Government Ethics

ORS 244.042
Honoraria


(1)

Except as provided in subsections (3) and (4) of this section, a public official may not solicit or receive, whether directly or indirectly, honoraria for the public official or any member of the household of the public official if the honoraria are solicited or received in connection with the official duties of the public official.

(2)

Except as provided in subsection (3) of this section, a candidate may not solicit or receive, whether directly or indirectly, honoraria for the candidate or any member of the household of the candidate if the honoraria are solicited or received in connection with the official duties of the public office for which the person is a candidate.

(3)

Except as provided in subsection (4) of this section, this section does not prohibit:

(a)

The solicitation or receipt of an honorarium or a certificate, plaque, commemorative token or other item with a value of $50 or less; or

(b)

The solicitation or receipt of an honorarium for services performed in relation to the private profession, occupation, avocation or expertise of the public official or candidate.

(4)

(a) The Governor, First Partner, Secretary of State, State Treasurer, Attorney General and Commissioner of the Bureau of Labor and Industries may not solicit or receive an honorarium, money or any other consideration, as defined in ORS 171.725 (Definitions for ORS 171.725 to 171.785), for any speaking engagement or presentation.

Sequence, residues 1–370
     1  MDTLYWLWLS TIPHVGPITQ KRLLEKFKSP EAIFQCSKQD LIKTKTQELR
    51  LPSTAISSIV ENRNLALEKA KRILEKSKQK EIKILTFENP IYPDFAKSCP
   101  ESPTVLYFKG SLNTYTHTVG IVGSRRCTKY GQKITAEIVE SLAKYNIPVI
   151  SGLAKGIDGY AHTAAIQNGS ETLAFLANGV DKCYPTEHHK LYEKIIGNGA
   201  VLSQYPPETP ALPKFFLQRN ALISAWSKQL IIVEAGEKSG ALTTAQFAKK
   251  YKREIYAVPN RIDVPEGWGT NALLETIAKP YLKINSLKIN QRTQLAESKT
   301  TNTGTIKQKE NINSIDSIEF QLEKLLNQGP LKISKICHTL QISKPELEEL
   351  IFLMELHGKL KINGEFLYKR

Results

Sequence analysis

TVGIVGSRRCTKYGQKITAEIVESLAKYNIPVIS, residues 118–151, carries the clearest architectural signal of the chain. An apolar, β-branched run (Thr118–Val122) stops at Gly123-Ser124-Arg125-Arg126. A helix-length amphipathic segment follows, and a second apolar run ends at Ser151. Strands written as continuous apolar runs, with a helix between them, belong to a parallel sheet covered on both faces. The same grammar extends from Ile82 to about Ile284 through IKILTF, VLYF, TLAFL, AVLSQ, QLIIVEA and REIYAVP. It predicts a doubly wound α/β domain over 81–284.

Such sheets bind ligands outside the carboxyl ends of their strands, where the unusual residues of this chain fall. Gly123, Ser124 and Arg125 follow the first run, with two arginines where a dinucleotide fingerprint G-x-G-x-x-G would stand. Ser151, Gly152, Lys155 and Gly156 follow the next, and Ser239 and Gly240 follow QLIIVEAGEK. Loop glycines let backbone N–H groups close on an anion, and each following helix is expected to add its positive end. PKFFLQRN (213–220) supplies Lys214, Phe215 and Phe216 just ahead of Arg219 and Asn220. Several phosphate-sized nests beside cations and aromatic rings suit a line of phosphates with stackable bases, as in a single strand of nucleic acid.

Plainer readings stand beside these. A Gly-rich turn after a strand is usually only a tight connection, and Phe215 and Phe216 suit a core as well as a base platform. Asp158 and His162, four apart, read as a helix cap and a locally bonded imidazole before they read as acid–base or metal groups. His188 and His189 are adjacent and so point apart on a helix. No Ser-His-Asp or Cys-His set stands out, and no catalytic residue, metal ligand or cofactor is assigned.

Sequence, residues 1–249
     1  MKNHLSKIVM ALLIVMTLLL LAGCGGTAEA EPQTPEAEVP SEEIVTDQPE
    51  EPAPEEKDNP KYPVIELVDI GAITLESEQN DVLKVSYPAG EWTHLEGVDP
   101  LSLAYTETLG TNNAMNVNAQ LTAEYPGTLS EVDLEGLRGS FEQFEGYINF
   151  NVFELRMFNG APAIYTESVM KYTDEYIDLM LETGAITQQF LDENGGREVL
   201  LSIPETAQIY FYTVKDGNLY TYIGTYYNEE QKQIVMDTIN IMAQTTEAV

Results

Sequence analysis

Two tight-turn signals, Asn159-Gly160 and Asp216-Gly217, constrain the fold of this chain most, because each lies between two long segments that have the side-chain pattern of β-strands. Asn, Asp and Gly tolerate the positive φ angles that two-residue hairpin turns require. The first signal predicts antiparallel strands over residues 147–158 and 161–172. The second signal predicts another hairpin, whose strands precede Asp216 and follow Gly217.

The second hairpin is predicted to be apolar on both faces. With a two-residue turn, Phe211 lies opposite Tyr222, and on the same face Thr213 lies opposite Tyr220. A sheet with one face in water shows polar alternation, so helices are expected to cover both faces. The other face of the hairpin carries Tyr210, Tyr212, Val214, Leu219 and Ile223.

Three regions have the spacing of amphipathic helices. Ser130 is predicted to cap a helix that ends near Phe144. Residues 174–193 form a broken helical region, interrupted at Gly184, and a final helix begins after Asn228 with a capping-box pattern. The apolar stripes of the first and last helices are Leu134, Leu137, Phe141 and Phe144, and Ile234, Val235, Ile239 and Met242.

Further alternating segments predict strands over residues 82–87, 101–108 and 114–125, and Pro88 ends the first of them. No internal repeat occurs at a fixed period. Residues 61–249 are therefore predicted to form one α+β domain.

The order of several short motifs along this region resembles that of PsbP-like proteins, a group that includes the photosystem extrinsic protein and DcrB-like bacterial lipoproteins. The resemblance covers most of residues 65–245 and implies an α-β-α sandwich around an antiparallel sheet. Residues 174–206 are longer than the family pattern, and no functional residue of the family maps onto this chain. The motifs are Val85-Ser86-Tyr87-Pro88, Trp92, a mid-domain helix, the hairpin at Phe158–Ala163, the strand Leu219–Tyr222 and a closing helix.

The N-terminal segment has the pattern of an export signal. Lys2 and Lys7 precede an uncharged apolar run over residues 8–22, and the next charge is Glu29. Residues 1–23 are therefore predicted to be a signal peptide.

(b)

This subsection does not prevent a public official listed in paragraph (a) of this subsection from receiving any food, beverage, travel or lodging expenses otherwise authorized by this chapter for a speaking engagement or presentation. [2007 c.877 §24; 2009 c.68 §21; 2015 c.620 §2]

Notes of Decisions

Restriction on receipt of honoraria does not violate Article I, section 8 of the Oregon Constitution. Vannatta v. Oregon Government Ethics Commission, 347 Or 449, 222 P3d 1077 (2009)

Chapter 244

Notes of Decisions

Statutory scheme of this chapter is not unconstitutionally vague. Davidson v. Oregon Government Ethics Commission, 300 Or 415, 712 P2d 87 (1985)

Atty. Gen. Opinions

Simultaneous membership in church and local governing body as constituting potential conflict of interest, (1981) Vol 41, p 490; contractors that perform services for government as "public officials" subject to ethics law, (1990) Vol 46, p 350

Law Review Citations

19 WLR 701 (1983)


Source

Last accessed
Jun. 26, 2021